Friday, 23 November 2012

Simple Camel Configuration of a Twitter Endpoint

I was asked just now how my got the Twitter Stream working in my new Camel based project and how I managed the credentials.

The Twitter endpoint works like a dream and this is essentially what my code looks like. All you need is a file in alongside your java file.

Saturday, 17 November 2012

Apache Camel - Connection Beans Without Spring

While writing some tests for an Apache Camel project, I just spent rather longer than I'd have liked trying to work out how to configure a connection bean for Mongo without using Spring.

Since I hide my embarrassments in public I thought I'd best share with anyone else with brain freeze.

Don't forget you need the camel-mongodb artifact in your pom.xml file. Good luck fellow travellers.

Monday, 5 November 2012

Python Web Microframeworks - Take Your Pick

You may read my post "Top Python Web Frameworks - Today" in which I took a fresh look at what which Python Web Frameworks were still around and still maintained.

In this post I give a quick overview of about half of those which I have loosely designated as "Microframeworks" - regardless of what the authors have called them. Wikipedia doesn't have a definition for microframework - I just looked - so what I really mean here is anything which let's you get started without having to learn a whole bunch of syntax and convention. Right on sister!

Let's get going:

Now that's done a little code from each -

Bottle (v0.11.13)

Bottle doesn't rely on any other packages at all, which means it's a great framework to use if you want to see all the working parts as they're all in the one file. That being said it can offer client-side sessions and compression and even WebSockets straight out of the box so it's not just a toy by any means.

Flask (v0.9)

Flask is dependent on Werkzeug for all the WSGI stuff and upon Jinja2 as a template library. It comes with client-side sessions, a built in debugger and is totally unicode friendly. I love Flask and use it often as my other posts will testify. (v0.4.9)

The first of the new boys, is certainly not package independent! It requires Werkzeug for WSGI, requests for http, Beaker for sessions, Elixir and SQLAlchemy for an ORM (PostgreSQL, MySQL and SQLite), Jinja2 for templates, gevent, pev and greenlet for events as well as compressinja, jsmin, jsonpickle, putils and pyScss which add various other niceties. Almost all well known and trusted libraries. (v0.37)

Again, doesn't rely on any other packages at all, but to me it's not as useful as flask or and not as simple to study as bottle, so I can't see the point, although according to the site, it's well used by others.

wheezy.web (v0.1.307)

pip installs wheezy.web, wheezy.core, wheezy.caching, wheezy.html, wheezy.http, wheezy.routing,, wheezy.validation which to me looks like the developers have taken a sensible approach to the development cycle by splitting everything up into independent code units.

According to the site,  functionality includes routing, model update/validation, authentication/authorization,content caching with dependency, xsrf/resubmission protection, AJAX+JSON, i18n (gettext), middlewares, and more.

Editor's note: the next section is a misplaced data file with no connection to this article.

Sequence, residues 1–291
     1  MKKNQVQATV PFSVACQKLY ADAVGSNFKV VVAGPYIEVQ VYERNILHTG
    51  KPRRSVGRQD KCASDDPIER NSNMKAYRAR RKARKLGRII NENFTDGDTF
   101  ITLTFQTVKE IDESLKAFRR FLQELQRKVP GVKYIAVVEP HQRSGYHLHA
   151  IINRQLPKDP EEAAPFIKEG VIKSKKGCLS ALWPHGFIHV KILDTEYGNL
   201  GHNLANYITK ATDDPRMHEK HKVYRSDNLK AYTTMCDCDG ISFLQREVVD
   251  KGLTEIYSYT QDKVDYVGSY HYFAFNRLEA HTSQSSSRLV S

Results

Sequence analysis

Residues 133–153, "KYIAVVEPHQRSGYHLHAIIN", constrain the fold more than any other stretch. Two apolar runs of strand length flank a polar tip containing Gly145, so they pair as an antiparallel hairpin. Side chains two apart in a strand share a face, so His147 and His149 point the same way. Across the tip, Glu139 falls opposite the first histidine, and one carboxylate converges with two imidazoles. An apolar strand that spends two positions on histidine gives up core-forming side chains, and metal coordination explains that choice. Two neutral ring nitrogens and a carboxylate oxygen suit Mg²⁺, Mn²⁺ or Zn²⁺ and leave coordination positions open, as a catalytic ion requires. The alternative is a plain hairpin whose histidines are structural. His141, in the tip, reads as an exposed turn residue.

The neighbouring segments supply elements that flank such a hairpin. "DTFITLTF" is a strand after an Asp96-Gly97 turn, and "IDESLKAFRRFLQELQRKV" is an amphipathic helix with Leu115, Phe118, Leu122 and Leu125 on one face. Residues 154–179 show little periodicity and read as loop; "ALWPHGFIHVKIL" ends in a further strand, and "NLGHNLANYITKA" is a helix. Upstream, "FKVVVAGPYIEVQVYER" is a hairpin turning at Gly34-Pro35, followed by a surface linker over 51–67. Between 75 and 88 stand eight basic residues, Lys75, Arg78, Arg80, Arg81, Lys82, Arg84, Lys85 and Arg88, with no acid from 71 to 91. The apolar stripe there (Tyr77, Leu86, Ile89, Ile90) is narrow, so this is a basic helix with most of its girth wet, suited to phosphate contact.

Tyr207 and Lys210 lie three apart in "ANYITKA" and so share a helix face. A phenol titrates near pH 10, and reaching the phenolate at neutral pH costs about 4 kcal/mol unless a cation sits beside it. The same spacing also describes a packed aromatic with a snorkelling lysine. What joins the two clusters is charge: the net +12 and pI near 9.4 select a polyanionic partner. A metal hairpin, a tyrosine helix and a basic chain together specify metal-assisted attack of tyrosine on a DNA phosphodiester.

In Summary

No I haven't tested them to death and no I haven't even tried out and wheezy.web in a real world app, although I will do. I certainly have not done either load or concurrency testing on them. You can do that and I'll read your blog.

Goo luck fellow traveller.

Friday, 2 November 2012

CoffeeScript Love: Backbone.js Tutorials in CoffeeScript

Ahhhh enjoy the aroma, inhale the caffeine. If you're looking for a nice list of Backbone tutorials that use CoffeeScript then look no more - CoffeeScript Love: Backbone.js Tutorials in CoffeeScript.

Thursday, 1 November 2012

Top Python Web Frameworks - Today

Every once in a while it's nice to rediscover old friends. Over the last few years I've had a play with quite a few Python Web Frameworks, but one does tend to get a favourite and stick with it. Same as other areas I suppose - cars, dogs, beers, partners... Still, it's good to have a look at what's new and fresh once in a while (my wife doesn't care, but don't tell my dog.)

example of Python language
example of Python language (Photo credit: Wikipedia)
If you look around the internet, there are probably thirty or so Python Web Frameworks around, but not all of them are actively supported. This means that they are likely to be missing functionality in some of the latest latest areas of interest - OAuth2, HTML5 or mobile support for example. Or maybe they just don't make it easy to stuff that you have become used to over the last few years - AJAX or web services maybe.

In my previous post "My Top Ten Python Web Frameworks" from about 18months ago, I gave you my opinion of what was hot, or not, at that time. Some of those seem to have stalled now - Tipfy, GAE framework, Weblayer; while others have appeared or matured -,, wheezy.web.

Below is an alphabetic list of the active (updated this year) which I know about. There may be others out there, so please let me know in the comments at the bottom.
In my next few posts I'll be giving you a run down of what state each of them is in and try to give you some idea of how they fit your requirements.

Good luck fellow traveller.